Contrast when Photographing in Direct Sun
Direct sun is light that comes right through the atmosphere to your subject. Mastering the art of macro photography using direct sun means controlling the relationship between shadows and highlights.
Too much contrast in a scene can lead to
Blocked-up shadows — underexposed areas that provide little to no detail
Blown-out highlights — overexposed areas that provide little to no detail
Your digital camera’s sensor is less sophisticated than your brain and can deal with a much smaller range of tonalities at one time. Because your digital sensor can’t compensate for scenes with such high contrast on its own, it’s up to you to bring the shadow and highlight areas closer together in order to capture detail in both at one time.
It's best if you expose for your highlights (making sure they don’t get blown out), and fill in your shadows with additional light to better expose them, as well. This technique enables you to create images that appear to your digital sensor closer to the way you see them with your eyes.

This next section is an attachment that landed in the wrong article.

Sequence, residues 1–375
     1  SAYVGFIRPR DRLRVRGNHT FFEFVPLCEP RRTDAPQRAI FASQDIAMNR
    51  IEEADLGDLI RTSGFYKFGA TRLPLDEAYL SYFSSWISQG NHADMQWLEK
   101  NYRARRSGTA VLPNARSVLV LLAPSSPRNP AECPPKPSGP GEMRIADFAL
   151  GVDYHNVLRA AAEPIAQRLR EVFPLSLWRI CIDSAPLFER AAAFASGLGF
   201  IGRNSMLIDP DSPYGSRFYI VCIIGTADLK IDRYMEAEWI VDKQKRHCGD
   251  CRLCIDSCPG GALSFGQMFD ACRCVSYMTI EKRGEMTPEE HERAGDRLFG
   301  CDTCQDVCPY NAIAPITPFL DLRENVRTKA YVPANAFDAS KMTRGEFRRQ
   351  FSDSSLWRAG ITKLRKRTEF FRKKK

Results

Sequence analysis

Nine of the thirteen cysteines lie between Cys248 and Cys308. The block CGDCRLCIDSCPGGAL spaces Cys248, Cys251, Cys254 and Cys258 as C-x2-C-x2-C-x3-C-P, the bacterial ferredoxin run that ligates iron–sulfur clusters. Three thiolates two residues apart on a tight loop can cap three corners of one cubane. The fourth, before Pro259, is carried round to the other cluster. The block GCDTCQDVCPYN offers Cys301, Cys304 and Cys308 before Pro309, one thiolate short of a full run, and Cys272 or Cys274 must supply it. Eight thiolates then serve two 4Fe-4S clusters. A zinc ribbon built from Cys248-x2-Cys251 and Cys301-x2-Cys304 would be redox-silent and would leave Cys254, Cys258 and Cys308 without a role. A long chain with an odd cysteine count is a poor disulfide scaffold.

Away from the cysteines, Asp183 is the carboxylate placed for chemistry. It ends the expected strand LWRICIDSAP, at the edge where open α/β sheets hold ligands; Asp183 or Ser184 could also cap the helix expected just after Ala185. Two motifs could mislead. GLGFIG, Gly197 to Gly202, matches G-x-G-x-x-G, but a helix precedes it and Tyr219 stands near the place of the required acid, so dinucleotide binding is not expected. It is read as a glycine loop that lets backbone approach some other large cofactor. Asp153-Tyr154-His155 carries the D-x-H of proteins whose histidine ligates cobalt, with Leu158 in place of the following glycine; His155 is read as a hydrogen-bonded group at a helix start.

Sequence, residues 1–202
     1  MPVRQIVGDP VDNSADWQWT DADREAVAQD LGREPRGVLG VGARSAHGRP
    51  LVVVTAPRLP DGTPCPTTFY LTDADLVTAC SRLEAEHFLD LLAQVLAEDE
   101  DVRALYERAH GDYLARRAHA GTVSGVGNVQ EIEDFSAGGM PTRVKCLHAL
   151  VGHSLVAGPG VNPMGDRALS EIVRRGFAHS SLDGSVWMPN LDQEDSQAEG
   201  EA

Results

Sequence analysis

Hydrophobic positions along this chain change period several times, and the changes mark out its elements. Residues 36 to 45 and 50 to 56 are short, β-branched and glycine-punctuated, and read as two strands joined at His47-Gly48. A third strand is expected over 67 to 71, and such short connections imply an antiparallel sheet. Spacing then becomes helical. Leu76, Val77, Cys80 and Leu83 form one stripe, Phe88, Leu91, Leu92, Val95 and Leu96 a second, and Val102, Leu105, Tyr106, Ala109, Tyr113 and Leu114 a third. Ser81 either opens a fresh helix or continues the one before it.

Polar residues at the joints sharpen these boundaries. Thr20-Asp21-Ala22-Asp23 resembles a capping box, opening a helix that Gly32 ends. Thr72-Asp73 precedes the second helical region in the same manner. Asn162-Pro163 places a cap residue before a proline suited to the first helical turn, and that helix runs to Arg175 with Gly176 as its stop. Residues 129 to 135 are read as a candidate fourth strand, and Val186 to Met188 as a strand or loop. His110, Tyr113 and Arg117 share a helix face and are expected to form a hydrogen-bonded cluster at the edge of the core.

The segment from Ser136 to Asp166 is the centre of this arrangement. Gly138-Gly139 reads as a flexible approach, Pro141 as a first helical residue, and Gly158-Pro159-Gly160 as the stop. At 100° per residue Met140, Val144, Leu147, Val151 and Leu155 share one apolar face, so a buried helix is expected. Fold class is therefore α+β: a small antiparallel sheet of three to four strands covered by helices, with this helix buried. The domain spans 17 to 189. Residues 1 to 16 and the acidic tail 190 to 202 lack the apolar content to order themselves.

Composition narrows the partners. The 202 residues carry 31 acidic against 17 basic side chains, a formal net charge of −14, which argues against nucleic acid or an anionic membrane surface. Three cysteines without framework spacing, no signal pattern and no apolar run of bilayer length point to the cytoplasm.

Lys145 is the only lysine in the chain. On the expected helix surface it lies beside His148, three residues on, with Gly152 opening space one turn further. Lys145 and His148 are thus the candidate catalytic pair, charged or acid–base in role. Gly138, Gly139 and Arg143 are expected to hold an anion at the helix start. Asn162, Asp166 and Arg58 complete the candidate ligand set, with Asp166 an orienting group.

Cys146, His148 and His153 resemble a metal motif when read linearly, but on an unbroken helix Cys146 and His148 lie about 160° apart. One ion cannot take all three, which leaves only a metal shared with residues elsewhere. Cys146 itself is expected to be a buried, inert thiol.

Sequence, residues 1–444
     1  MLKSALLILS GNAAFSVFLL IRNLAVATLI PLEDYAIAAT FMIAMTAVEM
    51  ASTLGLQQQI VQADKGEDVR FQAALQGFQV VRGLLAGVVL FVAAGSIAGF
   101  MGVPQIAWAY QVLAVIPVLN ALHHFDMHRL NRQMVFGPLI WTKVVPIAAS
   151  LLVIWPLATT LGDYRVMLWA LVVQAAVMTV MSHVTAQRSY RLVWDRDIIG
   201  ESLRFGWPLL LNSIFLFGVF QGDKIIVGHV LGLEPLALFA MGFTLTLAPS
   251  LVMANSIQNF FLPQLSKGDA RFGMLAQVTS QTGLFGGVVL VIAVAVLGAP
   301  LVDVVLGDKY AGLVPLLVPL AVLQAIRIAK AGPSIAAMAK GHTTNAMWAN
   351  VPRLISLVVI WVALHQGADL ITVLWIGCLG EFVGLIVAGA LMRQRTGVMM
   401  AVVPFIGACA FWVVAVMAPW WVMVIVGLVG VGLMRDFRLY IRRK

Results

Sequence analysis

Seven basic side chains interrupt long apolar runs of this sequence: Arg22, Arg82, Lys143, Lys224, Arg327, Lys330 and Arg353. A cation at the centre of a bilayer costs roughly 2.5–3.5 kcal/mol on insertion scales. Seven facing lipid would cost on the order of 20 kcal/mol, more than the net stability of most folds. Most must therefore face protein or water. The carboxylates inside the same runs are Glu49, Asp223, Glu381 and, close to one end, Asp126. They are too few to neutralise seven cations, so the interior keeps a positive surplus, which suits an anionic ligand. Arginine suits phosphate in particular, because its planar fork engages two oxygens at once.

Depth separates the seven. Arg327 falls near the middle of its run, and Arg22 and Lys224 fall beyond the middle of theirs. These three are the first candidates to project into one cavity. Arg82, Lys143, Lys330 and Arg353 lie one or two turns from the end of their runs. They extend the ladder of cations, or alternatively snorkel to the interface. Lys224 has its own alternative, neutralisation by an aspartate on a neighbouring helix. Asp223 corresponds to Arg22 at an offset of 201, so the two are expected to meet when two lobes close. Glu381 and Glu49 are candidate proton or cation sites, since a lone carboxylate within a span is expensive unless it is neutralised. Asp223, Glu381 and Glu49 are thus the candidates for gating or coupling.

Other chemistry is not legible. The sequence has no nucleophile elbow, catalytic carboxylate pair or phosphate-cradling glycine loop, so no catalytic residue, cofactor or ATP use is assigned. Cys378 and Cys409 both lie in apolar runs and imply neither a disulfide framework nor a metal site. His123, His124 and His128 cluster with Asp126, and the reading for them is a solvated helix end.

The image on the left shows how the camera deals with a lot of contrast. You see that it could not render information in the highlights and shadows. The image on the right shows the result of using a small reflector to bring up the luminosity of the shadows, allowing for a more natural-looking image.
You can use your battery-powered flash, ring light, and other macro-specific lights on low settings to fill in shadow areas as well.
100mm, 1/500, f/8, 200 100mm, 1/500, f/8, 200
To ensure both your highlights and shadows are exposed properly, refer to your camera’s histogram — a graph on your LCD monitor that shows the brightness distribution of an image with pure black on the left, pure white on the right and grey in the middle.
If you notice that a lot of tones are pressed all the way against the left edge of your histogram, then your shadows are underexposed. If a lot of tones are pressed against the right edge, your highlights are overexposed.